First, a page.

I had hoped to get a photo of the road trains that were parked outside the Timber Creek Hotel when we arrived last night. Although there were only 4 rigs they seemed to stretch for the best part of a kilometre, however, I was too late because the roadside park was empty at 7 am.


We had a short walk around the camp-ground where a friendly Buff-sided robin posed for pictures, but the freshwater Johnson's Crocodile that lives in the pool behind the hotel was a no-show.




Policeman's Point on the Victoria River was our bush breakfast spot this morning.




A darter preened mid-stream on a dead branch, Rufous Whistlers hopped in the trees and a flock of noisy Red-winged Parakeets fed in riverside trees.




Silver-crowned friar birds were calling from a jiggle jiggle tree where they fed on the pods and fruit. Mike and I unsuccessfully searched the riverside cane grass for Purple-crowned Fairy Wrens, however we did see a Common Sandpiper recently arrived from Siberia. A drive up onto the escarpment in search of Gouldian Finches bought us to the monument to the Nackeroos, men from the North Australia Observer Unit who performed coastguard duties between 1942-1944 in the Timber Creek area.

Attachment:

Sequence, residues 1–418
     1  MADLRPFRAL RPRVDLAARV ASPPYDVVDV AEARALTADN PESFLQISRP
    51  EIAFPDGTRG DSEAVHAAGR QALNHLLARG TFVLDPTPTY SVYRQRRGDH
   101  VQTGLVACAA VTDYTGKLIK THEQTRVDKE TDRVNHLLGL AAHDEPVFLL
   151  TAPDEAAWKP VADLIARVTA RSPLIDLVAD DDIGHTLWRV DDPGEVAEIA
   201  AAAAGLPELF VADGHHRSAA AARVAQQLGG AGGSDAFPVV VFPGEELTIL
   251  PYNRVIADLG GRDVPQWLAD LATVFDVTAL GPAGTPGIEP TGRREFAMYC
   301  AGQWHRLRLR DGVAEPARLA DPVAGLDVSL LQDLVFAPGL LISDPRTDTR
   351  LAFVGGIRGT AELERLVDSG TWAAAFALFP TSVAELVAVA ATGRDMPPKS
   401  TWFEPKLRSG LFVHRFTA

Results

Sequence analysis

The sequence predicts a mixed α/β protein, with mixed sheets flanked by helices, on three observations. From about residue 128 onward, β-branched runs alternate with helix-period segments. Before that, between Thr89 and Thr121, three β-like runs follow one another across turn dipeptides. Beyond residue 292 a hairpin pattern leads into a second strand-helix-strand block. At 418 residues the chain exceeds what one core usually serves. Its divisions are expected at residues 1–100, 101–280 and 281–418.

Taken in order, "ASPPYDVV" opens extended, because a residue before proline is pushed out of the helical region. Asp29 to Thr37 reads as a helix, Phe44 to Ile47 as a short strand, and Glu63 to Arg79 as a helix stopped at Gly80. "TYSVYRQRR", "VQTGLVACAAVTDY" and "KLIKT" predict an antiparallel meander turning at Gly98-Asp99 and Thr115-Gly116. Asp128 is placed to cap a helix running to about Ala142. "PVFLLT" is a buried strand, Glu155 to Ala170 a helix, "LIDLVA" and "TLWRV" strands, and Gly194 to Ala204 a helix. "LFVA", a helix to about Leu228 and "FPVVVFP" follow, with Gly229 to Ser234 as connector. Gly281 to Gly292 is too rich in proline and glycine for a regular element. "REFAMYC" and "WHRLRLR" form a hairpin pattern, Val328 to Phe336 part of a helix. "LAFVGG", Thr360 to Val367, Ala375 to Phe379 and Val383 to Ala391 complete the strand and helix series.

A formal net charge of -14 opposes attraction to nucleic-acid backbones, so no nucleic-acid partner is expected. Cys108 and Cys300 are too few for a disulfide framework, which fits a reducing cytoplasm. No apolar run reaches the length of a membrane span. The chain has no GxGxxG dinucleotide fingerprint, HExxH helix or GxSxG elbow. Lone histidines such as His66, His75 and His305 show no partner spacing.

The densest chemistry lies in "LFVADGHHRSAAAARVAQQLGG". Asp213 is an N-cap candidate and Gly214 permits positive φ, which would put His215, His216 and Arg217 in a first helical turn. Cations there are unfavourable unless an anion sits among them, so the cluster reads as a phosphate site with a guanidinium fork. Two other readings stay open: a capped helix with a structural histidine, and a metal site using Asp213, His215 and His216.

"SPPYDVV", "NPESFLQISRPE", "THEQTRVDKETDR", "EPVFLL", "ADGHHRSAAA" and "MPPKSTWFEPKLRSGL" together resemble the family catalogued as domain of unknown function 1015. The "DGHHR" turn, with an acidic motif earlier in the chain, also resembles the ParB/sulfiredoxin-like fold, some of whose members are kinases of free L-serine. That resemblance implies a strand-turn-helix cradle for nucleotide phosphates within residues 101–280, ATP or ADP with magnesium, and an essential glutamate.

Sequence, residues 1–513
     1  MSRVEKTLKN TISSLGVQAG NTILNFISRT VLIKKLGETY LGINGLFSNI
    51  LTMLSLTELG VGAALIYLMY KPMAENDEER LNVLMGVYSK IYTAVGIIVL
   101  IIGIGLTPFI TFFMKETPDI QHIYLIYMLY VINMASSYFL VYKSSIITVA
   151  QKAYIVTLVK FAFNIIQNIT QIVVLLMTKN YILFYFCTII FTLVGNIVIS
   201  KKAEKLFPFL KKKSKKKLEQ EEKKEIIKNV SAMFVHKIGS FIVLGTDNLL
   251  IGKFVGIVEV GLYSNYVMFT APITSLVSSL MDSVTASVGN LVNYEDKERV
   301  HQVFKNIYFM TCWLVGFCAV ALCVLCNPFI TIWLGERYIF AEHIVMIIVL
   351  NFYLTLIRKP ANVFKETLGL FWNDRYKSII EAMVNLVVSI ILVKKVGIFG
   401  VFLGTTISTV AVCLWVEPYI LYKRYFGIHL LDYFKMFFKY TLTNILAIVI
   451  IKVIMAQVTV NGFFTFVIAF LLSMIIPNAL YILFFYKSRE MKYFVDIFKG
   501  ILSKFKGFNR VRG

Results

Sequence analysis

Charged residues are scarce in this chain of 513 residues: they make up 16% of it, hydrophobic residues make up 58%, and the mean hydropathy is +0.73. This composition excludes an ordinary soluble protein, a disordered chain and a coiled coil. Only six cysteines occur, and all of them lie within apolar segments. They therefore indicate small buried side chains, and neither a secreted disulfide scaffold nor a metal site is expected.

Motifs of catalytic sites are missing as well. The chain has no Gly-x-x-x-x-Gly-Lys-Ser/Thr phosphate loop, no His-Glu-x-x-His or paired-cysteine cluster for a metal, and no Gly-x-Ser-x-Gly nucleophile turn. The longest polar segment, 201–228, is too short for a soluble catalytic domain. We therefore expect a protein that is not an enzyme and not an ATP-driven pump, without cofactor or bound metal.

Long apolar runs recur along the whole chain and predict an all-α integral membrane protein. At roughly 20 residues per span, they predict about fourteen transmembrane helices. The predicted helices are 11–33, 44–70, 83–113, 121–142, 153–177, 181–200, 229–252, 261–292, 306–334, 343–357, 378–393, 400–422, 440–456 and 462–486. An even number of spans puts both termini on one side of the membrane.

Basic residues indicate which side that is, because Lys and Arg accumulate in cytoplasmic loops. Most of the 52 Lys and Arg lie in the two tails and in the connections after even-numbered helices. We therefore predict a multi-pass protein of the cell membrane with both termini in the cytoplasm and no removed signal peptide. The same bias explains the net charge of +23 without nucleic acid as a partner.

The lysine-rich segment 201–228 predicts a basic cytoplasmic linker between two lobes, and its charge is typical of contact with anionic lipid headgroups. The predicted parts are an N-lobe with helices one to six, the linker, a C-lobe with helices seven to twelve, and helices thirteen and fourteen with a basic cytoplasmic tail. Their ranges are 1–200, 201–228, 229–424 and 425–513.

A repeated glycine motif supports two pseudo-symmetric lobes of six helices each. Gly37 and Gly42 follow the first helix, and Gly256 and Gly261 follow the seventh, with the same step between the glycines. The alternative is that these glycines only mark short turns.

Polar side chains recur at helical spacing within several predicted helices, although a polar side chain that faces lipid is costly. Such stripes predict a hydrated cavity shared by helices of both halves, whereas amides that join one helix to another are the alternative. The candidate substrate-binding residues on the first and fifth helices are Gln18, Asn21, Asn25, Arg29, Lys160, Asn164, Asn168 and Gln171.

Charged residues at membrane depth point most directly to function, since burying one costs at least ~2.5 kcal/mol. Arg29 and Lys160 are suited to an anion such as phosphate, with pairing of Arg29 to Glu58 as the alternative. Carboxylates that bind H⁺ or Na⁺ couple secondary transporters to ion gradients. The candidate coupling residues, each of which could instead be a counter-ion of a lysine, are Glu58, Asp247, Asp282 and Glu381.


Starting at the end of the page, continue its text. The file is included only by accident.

Turning towards the lookout, we were astonished to see 3 Brown Quail doing a type of moonwalk dance before scuttling into the tall grass. The escarpment is home to 2 interesting trees, the Scarlet Gum and the Nutwood tree. The Scarlet gum has a yellow textured bark, while the Nutwood has a tessellated bark.








This morning we planned to spend some time in Keep NP which borders Western Australia. Cockatoo Lagoon was our lunch stop after which we walked down to the lagoon to see Little Black Cormorant, Brolgas, Plumed whistling ducks, Magpie Geese and Spoonbills.